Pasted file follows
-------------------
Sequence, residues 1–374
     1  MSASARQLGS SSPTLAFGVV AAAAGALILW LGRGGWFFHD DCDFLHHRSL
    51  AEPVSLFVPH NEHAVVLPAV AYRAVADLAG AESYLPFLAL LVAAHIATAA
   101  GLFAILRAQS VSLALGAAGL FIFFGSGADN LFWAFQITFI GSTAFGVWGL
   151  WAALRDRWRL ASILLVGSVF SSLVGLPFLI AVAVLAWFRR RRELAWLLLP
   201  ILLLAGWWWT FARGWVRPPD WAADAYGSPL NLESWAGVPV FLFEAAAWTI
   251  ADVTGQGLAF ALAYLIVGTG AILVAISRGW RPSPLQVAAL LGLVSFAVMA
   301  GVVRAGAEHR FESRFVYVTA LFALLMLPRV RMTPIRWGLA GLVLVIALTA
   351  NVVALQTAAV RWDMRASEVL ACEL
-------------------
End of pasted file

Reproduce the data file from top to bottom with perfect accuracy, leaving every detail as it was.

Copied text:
Sequence, residues 1–374
     1  MSASARQLGS SSPTLAFGVV AAAAGALILW LGRGGWFFHD DCDFLHHRSL
    51  AEPVSLFVPH NEHAVVLPAV AYRAVADLAG AESYLPFLAL LVAAHIATAA
   101  GLFAILRAQS VSLALGAAGL FIFFGSGADN LFWAFQITFI GSTAFGVWGL
   151  WAALRDRWRL ASILLVGSVF SSLVGLPFLI AVAVLAWFRR RRELAWLLLP
   201  ILLLAGWWWT FARGWVRPPD WAADAYGSPL NLESWAGVPV FLFEAAAWTI
   251  ADVTGQGLAF ALAYLIVGTG AILVAISRGW RPSPLQVAAL LGLVSFAVMA
   301  GVVRAGAEHR FESRFVYVTA LFALLMLPRV RMTPIRWGLA GLVLVIALTA
   351  NVVALQTAAV RWDMRASEVL ACEL